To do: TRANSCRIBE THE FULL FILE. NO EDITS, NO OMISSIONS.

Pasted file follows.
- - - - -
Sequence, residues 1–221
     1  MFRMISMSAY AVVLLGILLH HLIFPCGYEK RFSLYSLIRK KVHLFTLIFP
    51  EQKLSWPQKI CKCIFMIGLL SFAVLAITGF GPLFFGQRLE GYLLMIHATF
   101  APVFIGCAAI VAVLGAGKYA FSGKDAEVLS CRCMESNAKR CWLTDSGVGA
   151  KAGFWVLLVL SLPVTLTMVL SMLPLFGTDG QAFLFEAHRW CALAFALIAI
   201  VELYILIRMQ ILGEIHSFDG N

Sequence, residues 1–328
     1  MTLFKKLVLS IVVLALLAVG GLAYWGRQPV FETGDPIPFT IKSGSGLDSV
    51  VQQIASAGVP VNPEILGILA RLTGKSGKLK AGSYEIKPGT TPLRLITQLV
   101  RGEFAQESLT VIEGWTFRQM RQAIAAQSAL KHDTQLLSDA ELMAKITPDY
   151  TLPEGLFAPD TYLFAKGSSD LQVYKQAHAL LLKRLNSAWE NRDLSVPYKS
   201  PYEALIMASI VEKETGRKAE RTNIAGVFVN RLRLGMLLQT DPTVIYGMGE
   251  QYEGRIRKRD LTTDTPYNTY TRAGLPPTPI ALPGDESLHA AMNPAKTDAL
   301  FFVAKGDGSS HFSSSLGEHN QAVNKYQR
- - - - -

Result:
Sequence, residues 1–221
     1  MFRMISMSAY AVVLLGILLH HLIFPCGYEK RFSLYSLIRK KVHLFTLIFP
    51  EQKLSWPQKI CKCIFMIGLL SFAVLAITGF GPLFFGQRLE GYLLMIHATF
   101  APVFIGCAAI VAVLGAGKYA FSGKDAEVLS CRCMESNAKR CWLTDSGVGA
   151  KAGFWVLLVL SLPVTLTMVL SMLPLFGTDG QAFLFEAHRW CALAFALIAI
   201  VELYILIRMQ ILGEIHSFDG N

Sequence, residues 1–328
     1  MTLFKKLVLS IVVLALLAVG GLAYWGRQPV FETGDPIPFT IKSGSGLDSV
    51  VQQIASAGVP VNPEILGILA RLTGKSGKLK AGSYEIKPGT TPLRLITQLV
   101  RGEFAQESLT VIEGWTFRQM RQAIAAQSAL KHDTQLLSDA ELMAKITPDY
   151  TLPEGLFAPD TYLFAKGSSD LQVYKQAHAL LLKRLNSAWE NRDLSVPYKS
   201  PYEALIMASI VEKETGRKAE RTNIAGVFVN RLRLGMLLQT DPTVIYGMGE
   251  QYEGRIRKRD LTTDTPYNTY TRAGLPPTPI ALPGDESLHA AMNPAKTDAL
   301  FFVAKGDGSS HFSSSLGEHN QAVNKYQR